We have written before about the serious privacy risks and Constitutional concerns of border searches, particularly when agents demand social media information. Social media profiles expose not only one’s social network and contacts, but can also provide a detailed map of one’s digital life if that social media account if used to log into other sides.

Requiring passwords and log-in access to social media--whether as part of screening procedures before arrival at the border, or at the border itself--expands border agents’ access to particularly sensitive information like direct messages, and invades the privacy of a traveller’s friends and connections. Such a requirement will chill online speech and association, and undermine the digital security and account protections otherwise available to users.

Want more information about your rights at the border? Check out our in-depth “Privacy at the U.S. Border” report, as well as two shorter guides on your constitutional rights at the border and digital security tips for before, during, and after your border crossing.

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Tell Congress: Don't Surrender the Internet

 last edited: Mon, 24 Apr 2017 01:10:47 -0500  
Tell Congress: Don't Surrender the Internet

The FCC's 2015 Open Internet Order was a huge victory for Internet users. Thanks to the millions of you who spoke up for a free and open Internet, we won essential net neutrality protections.

Now those protections could disappear, as Chairman Pai is considering reversing the Open Internet Order and handing control over the Internet to major telecommunications companies.

In place of the clear rules established by the FCC's Open Internet Order, Pai wants to substitute voluntary industry promises to uphold some net neutrality principles. We need to let Congress know that we won’t trade real protections for empty promises.

April 24, 2017

As your constituent, I'm writing to urge you to protect the FCC's 2015 Open Internet Order.

According to recent news reports by the Wall Street Journal and Reuters, FCC Chairman Ajit Pai plans to reverse the FCC's reclassification of broadband Internet providers as common carriers, and substitute the FCC's net neutrality rules with empty industry promises.

Please oppose any attempt by Chairman Pai to roll back the FCC's net neutrality protections. In addition, please oppose any effort in Congress to undermine the Open Internet Order.

A free and open Internet is essential for a free society. I urge you to resist attempts to weaken net neutrality protections and entrench Internet monopolies.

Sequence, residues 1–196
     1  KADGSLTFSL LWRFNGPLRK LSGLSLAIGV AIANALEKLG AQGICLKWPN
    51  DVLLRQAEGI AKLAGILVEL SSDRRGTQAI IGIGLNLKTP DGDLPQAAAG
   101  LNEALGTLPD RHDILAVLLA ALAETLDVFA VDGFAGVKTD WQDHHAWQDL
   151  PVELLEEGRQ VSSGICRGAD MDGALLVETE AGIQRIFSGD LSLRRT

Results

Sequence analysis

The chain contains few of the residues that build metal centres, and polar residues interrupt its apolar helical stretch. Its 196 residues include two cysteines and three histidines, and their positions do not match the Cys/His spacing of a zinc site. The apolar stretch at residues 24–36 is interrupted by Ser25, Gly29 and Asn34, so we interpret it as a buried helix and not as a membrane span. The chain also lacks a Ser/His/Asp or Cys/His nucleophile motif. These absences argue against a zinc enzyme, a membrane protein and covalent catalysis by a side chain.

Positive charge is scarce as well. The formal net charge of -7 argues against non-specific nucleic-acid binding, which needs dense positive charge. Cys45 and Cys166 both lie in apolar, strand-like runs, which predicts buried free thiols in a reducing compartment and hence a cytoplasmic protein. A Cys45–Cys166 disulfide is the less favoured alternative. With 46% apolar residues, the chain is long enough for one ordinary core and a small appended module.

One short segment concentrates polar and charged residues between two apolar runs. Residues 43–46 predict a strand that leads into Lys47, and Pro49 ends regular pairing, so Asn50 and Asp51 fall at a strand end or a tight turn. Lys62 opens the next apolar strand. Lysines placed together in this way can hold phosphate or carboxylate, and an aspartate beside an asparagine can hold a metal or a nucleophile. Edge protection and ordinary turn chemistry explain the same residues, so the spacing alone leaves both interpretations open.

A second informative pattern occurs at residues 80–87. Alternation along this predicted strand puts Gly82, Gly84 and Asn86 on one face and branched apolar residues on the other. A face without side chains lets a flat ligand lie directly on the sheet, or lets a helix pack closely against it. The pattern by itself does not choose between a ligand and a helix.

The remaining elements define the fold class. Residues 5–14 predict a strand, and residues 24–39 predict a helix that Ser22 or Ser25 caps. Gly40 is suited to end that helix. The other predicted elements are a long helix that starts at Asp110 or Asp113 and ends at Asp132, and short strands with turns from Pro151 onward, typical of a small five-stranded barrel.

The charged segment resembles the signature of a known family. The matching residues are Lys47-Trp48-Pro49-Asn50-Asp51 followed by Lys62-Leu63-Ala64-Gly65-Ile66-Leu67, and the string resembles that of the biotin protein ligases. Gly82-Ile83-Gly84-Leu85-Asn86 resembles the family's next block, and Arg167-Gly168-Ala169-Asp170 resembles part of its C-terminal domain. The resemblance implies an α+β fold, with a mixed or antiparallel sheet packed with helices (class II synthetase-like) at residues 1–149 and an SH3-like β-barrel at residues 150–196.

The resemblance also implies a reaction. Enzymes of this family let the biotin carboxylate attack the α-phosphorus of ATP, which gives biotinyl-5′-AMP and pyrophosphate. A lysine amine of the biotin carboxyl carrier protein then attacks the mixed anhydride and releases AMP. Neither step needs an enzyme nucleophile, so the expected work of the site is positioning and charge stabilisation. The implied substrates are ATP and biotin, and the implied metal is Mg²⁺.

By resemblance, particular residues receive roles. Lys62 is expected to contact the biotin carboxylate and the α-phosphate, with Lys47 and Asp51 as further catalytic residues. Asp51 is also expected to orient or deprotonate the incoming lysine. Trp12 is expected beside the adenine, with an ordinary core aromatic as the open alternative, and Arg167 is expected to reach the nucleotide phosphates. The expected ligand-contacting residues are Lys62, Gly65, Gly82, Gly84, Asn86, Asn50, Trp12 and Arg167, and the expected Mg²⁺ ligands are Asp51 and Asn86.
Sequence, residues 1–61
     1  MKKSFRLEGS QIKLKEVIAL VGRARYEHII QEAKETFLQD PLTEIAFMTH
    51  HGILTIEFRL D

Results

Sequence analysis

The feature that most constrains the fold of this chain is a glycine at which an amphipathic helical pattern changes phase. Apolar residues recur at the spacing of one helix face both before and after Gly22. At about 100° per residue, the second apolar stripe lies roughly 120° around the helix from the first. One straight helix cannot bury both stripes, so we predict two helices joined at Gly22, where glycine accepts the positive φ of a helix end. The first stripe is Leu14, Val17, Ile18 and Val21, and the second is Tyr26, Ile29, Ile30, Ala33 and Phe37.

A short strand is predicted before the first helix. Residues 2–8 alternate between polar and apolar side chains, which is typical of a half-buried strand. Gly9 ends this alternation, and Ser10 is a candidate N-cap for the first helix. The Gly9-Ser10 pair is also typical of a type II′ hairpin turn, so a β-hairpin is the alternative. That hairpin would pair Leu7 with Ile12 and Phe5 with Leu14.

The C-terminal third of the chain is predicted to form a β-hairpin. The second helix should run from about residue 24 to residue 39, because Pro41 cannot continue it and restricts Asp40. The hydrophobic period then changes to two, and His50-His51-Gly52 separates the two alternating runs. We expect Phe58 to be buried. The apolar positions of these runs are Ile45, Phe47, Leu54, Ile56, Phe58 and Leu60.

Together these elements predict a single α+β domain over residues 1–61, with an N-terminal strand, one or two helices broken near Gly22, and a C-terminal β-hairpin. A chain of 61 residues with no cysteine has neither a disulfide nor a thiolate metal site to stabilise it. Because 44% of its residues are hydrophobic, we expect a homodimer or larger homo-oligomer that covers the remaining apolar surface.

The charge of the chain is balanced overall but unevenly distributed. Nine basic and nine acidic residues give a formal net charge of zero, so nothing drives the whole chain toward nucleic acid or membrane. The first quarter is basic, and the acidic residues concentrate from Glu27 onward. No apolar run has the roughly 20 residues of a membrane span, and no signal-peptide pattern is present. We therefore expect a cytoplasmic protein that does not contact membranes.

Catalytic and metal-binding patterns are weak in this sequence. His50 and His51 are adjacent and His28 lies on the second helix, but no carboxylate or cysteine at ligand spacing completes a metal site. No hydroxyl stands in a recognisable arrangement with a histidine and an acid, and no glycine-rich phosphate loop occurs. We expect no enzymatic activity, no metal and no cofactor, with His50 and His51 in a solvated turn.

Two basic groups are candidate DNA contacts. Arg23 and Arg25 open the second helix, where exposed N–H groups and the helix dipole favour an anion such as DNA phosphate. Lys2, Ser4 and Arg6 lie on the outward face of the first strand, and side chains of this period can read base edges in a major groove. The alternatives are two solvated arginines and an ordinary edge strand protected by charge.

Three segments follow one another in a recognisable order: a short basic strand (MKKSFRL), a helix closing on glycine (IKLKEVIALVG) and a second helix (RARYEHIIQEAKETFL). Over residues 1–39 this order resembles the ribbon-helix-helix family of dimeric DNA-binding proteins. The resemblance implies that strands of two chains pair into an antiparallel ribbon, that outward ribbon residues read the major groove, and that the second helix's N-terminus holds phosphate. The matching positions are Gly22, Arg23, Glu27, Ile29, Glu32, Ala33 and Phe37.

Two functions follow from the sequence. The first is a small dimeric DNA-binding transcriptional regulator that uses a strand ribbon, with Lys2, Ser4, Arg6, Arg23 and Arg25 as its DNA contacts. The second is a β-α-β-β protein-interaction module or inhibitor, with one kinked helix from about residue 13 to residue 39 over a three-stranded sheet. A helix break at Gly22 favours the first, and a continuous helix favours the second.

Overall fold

Signed

Your Name
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A Municipal Vote in Providence for Police Reform Carries National Implications

 
A Municipal Vote in Providence for Police Reform Carries National Implications

After three years of sustained community mobilization and advocacy, the Providence City Council in Rhode Island voted this Thursday to unanimously approve among the most visionary set of policing reforms proposed around the country to protect civil rights and civil liberties, including digital liberties. EFF supported the proposed Community Safety Act (CSA), and its adoption represents a milestone that should prompt similar measures in other jurisdictions.

Reflecting an understanding of of how many different communities endure parallel—but seemingly separate—violations of civil rights and civil liberties, the CSA aims to address surveillance alongside racial and other dimensions of discriminatory profiling. The ordinance imposes crucial limits on police powers at a time when local police have become the leading edge of mass surveillance, as well as longstanding abuses of civil rights and digital liberties rooted in the war on drugs.

The most notable facet of the CSA is its sheer breadth. It addresses a wide-ranging set of issues in a single reform measure.

For instance, the Act requires that any collection of intelligence information—whether by electronic surveillance mechanisms or more traditional means—be supported by reasonable suspicion of criminal activity. On the one hand, that requirement should be implicit given the First and Fourth Amendments, and the history of politicized domestic surveillance within the United States. On the other hand, relative to the prevailing practice of ubiquitous intelligence collection, the Act’s requirements represent a monumental legal shift.

In addition, the CSA protects the right of residents to observe and record police activities. That right has been vital to sparking a sustained debate across the country about police accountability, but has come under fire. Just this month, a federal appellate court heard oral argument in an appeal seeking to vindicate the right to record police in the wake of trial court decisions in multiple cases perversely holding that residents gain a right to record only after announcing their hostility to police, effectively inviting retaliation or even violence.